Outcome bias comes into play when he looks at the loss and thinks of the trade as a failure.
But, was it really a failed trade?
The answer to this question depends on why he exited his position. If he exited the position because Apple’s fall to the mid $142s exceeded the amount of risk he was willing to take on the position, then it wasn’t a failed trade.
However, if he exited because he was overcome by fear and had not decided beforehand how much risk he was willing to take, and what price reflected that level of risk, then it was a failed trade.
The key here is the process, or lack of one – the outcome isn’t relevant.
Why? Simply because the outcome of the trade wasn’t within his control.
No one can control what the market does, or how it moves. The best we can do is to manage how much risk we take so that if the position does move against us, it doesn’t wipe out too much of our capital.
In this scenario, if our trader succumbs to his outcome bias, he will not be able to see whether or not his trading process (if he had one) is working. This is especially so because he lost money even though the stock came so close to hitting his target and netting a quick profit.
Now let us imagine a second scenario where our trader decides to hold on to his position. Apple manages to stage a rally in the next two weeks that reaches his price target of $149.98, going as high as $151.68.
He dutifully closes out the position at his target and takes the profit. In this case, outcome bias kicks in when he looks at the profit he booked and considers the trade to be a success.
But, was it really a successful trade?
Like our first loss making scenario, the success of the trade needs to be judged not by its outcome, but by the process underpinning it.
In this case, the trade can be considered a success because the trader stuck to his plan.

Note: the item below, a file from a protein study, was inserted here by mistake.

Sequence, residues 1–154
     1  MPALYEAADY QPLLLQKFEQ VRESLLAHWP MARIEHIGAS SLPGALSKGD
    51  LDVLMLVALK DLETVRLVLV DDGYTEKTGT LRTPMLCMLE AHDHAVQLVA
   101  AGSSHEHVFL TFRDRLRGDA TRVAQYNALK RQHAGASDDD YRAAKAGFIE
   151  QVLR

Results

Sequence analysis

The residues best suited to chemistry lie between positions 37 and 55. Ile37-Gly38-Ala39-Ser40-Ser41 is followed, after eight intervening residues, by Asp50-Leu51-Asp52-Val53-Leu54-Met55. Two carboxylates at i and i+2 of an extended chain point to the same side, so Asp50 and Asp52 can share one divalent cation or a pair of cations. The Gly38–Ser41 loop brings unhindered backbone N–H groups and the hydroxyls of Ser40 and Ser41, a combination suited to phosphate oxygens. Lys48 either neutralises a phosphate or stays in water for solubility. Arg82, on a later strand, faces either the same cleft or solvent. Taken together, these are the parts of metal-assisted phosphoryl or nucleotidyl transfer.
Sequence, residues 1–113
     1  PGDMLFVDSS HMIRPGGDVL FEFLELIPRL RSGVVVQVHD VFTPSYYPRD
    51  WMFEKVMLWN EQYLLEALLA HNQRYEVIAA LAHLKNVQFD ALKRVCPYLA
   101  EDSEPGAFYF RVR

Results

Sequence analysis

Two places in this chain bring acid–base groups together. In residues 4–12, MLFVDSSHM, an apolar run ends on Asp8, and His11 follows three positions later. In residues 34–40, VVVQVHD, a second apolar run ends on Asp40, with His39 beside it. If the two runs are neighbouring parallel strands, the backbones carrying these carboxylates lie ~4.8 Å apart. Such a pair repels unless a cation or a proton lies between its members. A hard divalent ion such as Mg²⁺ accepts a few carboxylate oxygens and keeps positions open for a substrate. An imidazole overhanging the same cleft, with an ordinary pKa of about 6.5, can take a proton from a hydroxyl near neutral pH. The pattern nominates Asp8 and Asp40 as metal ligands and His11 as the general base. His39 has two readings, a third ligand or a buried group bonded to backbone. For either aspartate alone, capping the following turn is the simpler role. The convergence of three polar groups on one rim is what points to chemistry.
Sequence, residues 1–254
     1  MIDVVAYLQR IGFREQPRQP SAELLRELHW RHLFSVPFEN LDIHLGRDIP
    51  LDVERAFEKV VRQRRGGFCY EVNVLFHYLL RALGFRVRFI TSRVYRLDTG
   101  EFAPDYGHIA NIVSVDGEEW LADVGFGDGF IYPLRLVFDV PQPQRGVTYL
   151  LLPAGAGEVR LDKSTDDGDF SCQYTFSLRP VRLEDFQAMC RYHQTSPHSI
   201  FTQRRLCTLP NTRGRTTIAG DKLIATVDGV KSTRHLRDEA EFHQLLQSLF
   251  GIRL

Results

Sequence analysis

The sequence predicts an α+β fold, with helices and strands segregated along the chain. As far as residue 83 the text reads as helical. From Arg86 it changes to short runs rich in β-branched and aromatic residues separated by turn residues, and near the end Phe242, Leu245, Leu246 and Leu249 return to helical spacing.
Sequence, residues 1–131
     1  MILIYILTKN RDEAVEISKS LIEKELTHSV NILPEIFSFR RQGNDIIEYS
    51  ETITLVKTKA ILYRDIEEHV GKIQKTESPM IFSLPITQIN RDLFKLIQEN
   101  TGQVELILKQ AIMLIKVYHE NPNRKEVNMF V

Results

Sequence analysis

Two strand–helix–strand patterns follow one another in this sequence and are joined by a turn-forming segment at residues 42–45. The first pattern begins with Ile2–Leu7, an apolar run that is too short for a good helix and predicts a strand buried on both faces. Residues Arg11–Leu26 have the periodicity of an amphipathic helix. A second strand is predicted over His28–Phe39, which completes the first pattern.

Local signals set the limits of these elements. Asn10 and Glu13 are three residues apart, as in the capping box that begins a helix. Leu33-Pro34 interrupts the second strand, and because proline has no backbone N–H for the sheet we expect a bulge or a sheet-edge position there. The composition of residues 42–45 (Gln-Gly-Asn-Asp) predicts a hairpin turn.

Before going long Apple, he had already decided on a predetermined profit target, and when the market hit that level, he stuck to it instead of getting greedy and holding on. Conversely, should he have gotten greedy and decided to not take profits at his predetermined target, the trade would be considered a failed one.
It’s an extremely important point that’s worth reiterating – it’s the process that matters, not the outcome.
The vagaries of market movements leave so little of the outcome in our control, that the best way to trade profitably is to focus on how, why, and when we trade. Not whether our trades make or lose money.
Don’t let outcome bias blind you to what is truly important when trading or investing in the markets – your process.
The human mind is, generally speaking, inclined to prefer not losing, rather than winning. For some reason, psychologically, we are wired to feel the pain of loss more keenly than the joy of gain. Needless to say, this natural aversion to loss can have an outsized impact on our ability to trade the markets effectively.
3. Loss Aversion
Let’s play a simple game – we’ll flip a coin, and if it turns up heads, you win $110. If it turns up tails, you lose $100.
Will you take the gamble?
Logically, it is a good gamble to take, simply because the expected value is more than 1. That is, given the 50-50 chance of winning or losing, you stand to win more than you lose, $110 vs $100.
However, most people instinctively choose not to take the gamble. Why?
Because of loss aversion. In their minds, the discomfort of possibly losing $100 outweighs the happiness of possibly winning $110.